The Loh Down On Science

Is dustless chalk really all it claims to be?

Larramendi and others, Ann. of Allergy, Asthma, & Immunology, May 2013.

This is a gel electrophoresis blot. Gel electrophoresis is a technique to separate proteins by size through application of an electric current. The markers are molecules of known sizes to help size the the substances of interest--in this case, the milk protein casein, in chalk. Notice how the chalk extract has dark bands at about 30 and 37, which correspond to bands in the casein sample (far right).

Some kids really are allergic to school, or at least, to their classrooms!

This is Sandra Tsing Loh with the Loh Down on Science

And on the hidden dangers of chalkboards.  Remember writing on the blackboard and getting chalk all over yourself?  That’s why they came up with dustless chalk.  But, according to researchers from Alicante, Spain, dustless chalk isn’t really dustless … and it can cause real problems.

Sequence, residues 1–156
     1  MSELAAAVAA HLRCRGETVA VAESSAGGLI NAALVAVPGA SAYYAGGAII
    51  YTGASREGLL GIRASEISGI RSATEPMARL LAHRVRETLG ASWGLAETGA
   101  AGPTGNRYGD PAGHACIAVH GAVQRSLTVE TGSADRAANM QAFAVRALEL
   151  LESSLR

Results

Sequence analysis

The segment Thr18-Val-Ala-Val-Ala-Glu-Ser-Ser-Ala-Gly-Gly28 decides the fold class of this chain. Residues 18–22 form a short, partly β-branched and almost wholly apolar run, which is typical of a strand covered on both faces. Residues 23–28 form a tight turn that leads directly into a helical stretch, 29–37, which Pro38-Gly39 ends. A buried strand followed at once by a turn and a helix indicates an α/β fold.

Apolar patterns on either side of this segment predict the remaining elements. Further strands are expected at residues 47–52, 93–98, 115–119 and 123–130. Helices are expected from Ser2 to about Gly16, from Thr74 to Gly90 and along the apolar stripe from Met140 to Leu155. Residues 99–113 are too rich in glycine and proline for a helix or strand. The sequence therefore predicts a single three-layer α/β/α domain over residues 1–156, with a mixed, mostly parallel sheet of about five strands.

Carlos Larramendi and colleagues found that chalk labeled as “dustless” still releases small particles into the air. When those particles are breathed in by children with milk allergies?  They can cause congestion, sneezing, shortness of breath, runny noses, even asthma attacks. Milk?  Chalk?  What’s the connection?

Turns out the milk protein casein is among the particles released.  And despite modern technology, chalk is still found in most classrooms around the globe.  Oh boy.

Wait—there's more:  Just switching to white boards may not help entirely.  That's because chalk isn’t the only classroom product to contain milk proteins.  They can also be in glue, ink, and paper.

Of course, this is not a problem for all children.  Just in case my kids are taking notes.

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The Loh Down on Science is produced by LDOS Media Lab, with 89.3 KPCC. And made possible by the generous support of the Gordon and Betty Moore Foundation.

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